Solar Pizza Oven

Solar pizza oven ~45 Minutes

Objectives: The objective of this activity is to construct a functional solar-powered oven using a limited number of supplies and a pizza box.

-distinguish among the various forms of energy. (grade 4)
-demonstrate and explain different methods of energy transfer and relate them to daily life. (grade 4)
-demonstrate and explain how basic concepts relating to heat and light are used in common applications. (grade 4)

Materials: Pizza box, black construction paper, aluminum foil, saran wrap, hot dogs, toothpicks, tape, thermometers, glue, and activity worksheet.

Doing it:
A1. In groups of 2, ask students to think of a way one could cook a hot dog without having any impact on the environment (electricity, fire, gas...).
A2. Review some of the concepts previously covered in the class relating to solar energy, such as reflection and absorption.
A3. handout the activity worksheet and materials for the pizza box solar oven.

B1. Students will be given 20 minutes to create their solar oven and complete the Pre-Cook-Off section of their worksheet.
B2. students will carry their ovens outside to test their solar-appliances. Students will record their data and observations on their worksheets, which are to be handed in at the end of class.

Fig 1.1 - Example of a pizza oven

PDF Worksheet

You may take different properties of light into account when you make your pizza oven. We used the good absorption factor of the colour black, and the reflective properties of the foil. The Black insides of the oven absorbed maximum solar energy converting it to heat, while the foil reflected even more solar energy onto the black insides to be absorbed. We also placed a sheet of plastic wrap over top of the oven, to still let light through but help trap the heat.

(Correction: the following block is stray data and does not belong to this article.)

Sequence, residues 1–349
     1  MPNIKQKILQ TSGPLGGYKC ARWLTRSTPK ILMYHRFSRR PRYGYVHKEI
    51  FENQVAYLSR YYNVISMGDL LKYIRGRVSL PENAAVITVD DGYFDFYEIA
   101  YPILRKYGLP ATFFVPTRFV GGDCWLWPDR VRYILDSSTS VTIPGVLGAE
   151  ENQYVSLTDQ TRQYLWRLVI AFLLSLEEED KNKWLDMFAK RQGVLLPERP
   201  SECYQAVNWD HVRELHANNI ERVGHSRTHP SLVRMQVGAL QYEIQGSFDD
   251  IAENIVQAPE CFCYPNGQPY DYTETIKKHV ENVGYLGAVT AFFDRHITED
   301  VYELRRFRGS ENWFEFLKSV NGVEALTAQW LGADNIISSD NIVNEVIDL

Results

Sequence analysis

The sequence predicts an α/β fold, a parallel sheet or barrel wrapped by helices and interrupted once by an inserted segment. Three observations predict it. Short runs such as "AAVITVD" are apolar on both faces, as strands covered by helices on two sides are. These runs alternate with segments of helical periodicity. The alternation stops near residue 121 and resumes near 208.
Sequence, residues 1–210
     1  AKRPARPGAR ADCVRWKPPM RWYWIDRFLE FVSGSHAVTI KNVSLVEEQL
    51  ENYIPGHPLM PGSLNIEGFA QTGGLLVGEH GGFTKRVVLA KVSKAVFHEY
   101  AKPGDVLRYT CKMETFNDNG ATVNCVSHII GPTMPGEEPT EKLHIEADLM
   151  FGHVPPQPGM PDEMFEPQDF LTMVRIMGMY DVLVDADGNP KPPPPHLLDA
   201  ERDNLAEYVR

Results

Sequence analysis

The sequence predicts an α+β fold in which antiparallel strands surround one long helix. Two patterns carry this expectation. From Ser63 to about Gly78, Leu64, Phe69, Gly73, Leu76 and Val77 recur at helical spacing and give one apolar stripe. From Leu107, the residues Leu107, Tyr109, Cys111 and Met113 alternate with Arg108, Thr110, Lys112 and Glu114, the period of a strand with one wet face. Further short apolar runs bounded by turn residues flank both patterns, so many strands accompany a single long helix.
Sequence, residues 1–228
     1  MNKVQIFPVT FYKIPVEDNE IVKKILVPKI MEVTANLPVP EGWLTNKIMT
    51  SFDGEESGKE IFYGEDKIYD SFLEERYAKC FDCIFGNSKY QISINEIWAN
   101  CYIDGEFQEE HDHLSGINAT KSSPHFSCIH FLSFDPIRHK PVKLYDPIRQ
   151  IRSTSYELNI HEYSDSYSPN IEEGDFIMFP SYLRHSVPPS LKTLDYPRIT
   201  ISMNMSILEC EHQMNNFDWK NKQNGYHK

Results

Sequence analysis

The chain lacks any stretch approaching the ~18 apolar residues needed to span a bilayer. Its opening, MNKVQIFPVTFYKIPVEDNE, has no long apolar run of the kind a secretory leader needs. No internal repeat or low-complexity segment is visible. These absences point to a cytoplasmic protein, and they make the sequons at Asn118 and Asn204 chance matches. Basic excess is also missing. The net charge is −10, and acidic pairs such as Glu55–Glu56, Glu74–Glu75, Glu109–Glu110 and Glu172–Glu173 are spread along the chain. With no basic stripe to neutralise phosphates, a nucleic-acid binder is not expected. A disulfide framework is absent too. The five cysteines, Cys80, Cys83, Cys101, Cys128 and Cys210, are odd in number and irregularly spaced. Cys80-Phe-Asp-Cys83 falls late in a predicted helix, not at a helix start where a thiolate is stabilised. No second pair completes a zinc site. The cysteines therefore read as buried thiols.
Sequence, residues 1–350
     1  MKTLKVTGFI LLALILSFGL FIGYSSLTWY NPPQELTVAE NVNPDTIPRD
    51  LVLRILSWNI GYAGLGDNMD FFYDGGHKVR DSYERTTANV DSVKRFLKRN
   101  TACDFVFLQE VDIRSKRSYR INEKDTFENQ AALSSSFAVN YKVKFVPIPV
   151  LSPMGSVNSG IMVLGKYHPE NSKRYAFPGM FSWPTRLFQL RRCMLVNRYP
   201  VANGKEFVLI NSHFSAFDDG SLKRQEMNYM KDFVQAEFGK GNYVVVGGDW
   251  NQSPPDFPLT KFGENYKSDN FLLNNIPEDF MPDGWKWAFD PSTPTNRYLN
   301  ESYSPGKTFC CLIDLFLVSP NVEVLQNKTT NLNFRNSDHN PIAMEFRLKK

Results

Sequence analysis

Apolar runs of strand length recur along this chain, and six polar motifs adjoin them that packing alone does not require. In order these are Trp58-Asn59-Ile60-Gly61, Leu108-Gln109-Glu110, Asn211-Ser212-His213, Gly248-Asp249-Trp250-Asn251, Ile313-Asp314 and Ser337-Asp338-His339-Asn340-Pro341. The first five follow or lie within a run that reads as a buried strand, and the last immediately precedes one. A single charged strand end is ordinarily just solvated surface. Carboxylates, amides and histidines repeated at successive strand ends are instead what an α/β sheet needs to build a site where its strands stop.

Experiment Feedback

Solar pizza oven feedback.
From Erika Lundgren and Brent Foster, tested on a grade 8 class, March 13 2006
The lesson plan for the Pizza Box Solar Activity was designed for a kindergarten teacher in the sense that it tells the students, step-by-step, how to make the oven; it also implies that there is only one way to make the oven. In order to meet the Grade Eight curriculum and the needs of our students Brent and I decided to create an activity sheet/lab for the students that provided minimal directions; our intent being to provide the students with a goal (a solar powered oven) and the materials to reach that goal. The questions on the activity sheet were meant to scaffold the students, and to make them think critically about the scientific significance of the materials before them. When we presented this activity in our Science Education class everyone was involved. Cooperative learning took place as students were using their background knowledge of insulation, solar energy, reflection, and absorption. The end result was a wide variety of individualized pizza ovens. Each group was asked to present their oven, and to explain why it would achieve the best results (highest temperature). Unfortunately, we neither had the time nor the weather to test the ovens, but if we did Brent and I would have asked the groups to brainstorm how they could improve their oven and then tried it next time. This activity was enjoyable for the students and teachers, and could be adapted to fit the Grade Eight curriculum. It gets the students involved, thinking critically, and making predictions. Both Brent and I would use this activity in the classroom.